• Smoker´s cough: cilia are stopped from beating so mucus is not moved out of the lungs.
  • Carbon monoxide poisoning: carbon monoxide in smoke binds with haemoglobin in red blood cell. Less oxigen can be carried in the blood.

3.1.2. Asthma
Asthma develops when the bronchi get inflamed. They become narrow and mucus is trapped so that it blocks the bronchi.
Asthma is caused by an allergy to house dust containing house mite faeces.
Inhalers make the muscle walls of bronchi relax so that the tubes open and is easier to breathe, but they cannot cure the disease.

4. Circulatory system
The circulatory system transports all soluble materials around the body. It consistes of a pump, (the heart), tubes to direct the flow, (the blood vessels), and theblood as the carrying substance. It is also very efficient at taking oxygen to all of the organs and at removing carbon dioxide.

4.1. Circulation
The transport system develops very early in the embroy and is essential to make sure all the developing cells, tissues and organs get all the substances they need. Before the blood goes to any organ, it is pumped by the heart so that is always at high prssure, it travels quickly to the organs and delivers the oxygen needed for respiration.

4.2. Heart
It works as two pumps. One pump pushes the blood towards the lungs and the other pushes blood to all other organs of the body. Both pumps work at the same time and they push the same amount of blood.

Parts of the heart:
The blood flows into the heart at the top.
  • It enters the very elastic thin walled chambers, the atria.
  • Goes through open valves into the main pumping chambers, the ventricles. They contract strongly to push the blood.
  • The valves make sure that the flow of blood does not go backwards.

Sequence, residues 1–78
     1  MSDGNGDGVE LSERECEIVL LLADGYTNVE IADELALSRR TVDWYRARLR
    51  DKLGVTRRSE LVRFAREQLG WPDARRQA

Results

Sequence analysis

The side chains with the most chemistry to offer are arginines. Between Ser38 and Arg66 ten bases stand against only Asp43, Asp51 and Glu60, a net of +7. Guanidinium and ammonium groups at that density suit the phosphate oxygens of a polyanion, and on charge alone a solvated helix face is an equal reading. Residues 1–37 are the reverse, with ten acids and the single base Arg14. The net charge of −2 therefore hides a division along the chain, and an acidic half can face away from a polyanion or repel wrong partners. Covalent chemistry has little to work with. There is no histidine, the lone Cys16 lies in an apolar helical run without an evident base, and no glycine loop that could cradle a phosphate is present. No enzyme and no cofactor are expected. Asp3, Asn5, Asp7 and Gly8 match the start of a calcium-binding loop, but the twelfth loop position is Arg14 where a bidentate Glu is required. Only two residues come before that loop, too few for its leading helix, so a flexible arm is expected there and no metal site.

• The rythm is set by patch of cells in the wall of the right atrium, the pacemaker.










4.3. Blood vessels
Blood is carried in tubes of diferent sizes called blood vessels. there are three tipes: veins, arteries
and capillaries.
  • Veins carry blood towards the heart. The blood is at a low pressure. It has thin walls with less muscle and no substances leave or enter the vessel. It has no pulse, they are flexible and squashed easily so blood is pushed farther along the vessel
  • Arteries carry blood away from th heart. Blood is a high pressure, it has thick muscular wallls and no ssubtance enter or leave the vessel.
  • Capillaries carry blood through organs and tissues. The blood is low presure and it has very thin walls fo escape of fluids.

4.4. Blood
Blood is about 50%water and 50%cells by volume. There are about 5 litres of blood in an average adult person and it makes one complete circuit of the body about once a minute, i.e. two passes through the heart, one through the lungs and once to one of the organs.
Most of the cells are red cells because they contain the substance haemoglobin. Their function is to carry oxygen from the lungs to the tissues. Each blood cell is made in the bone marrow and only lasts about four months as it travels round the body.
White blood cells have the task of fighting disease. there are about 500 times fewer white blood cells than red blood cells.
White blood cells are divided into different types, each with a special function. Phagocytes can engulf a bacterium by moving around it and enclosing it.
Other white blood cells are called lymphocytes and they produce antibodies which are released into the plasma.
A very small type of cell without a nucleus called platelet helps the blood to clot.
The liquid part of the blood is called plasma. Plasma carries small molecules such as glucose, amino acids and vitamins from the diets well as hormones and heat.

4.5. Circulatory problems
Nicotine from cigarretes smoke makes the blood more likely to form clots. Too much fat in the diet causes a type of fat called cholesterol to be left on the inside of the arteries (atheroma). This makes them narrower and so blood clot is more likely to get trapped.Some of the health problem that may occur are the following ones:
4.5.1. Heart Attack
Heartattacks are caused by a blockage in a coronary artery (the blood vessels going to the muscular wall of the heart).The heart muscle does not get enough oxygen and glucose,
A first aider will give cardiac compressions to the chest to squash the heart and so make the blood move around the body.

4.5.2. Angina
It is the first sign of heart disease with several of the arteries becoming narrower. A sharp pain develops in the left arm and the person gets tired much more quickly than they should.
4.5.3. Stroke
It happens when there is a blood clot in the blood vessels of the brain. The person becomes confused and usually becomes unconscious.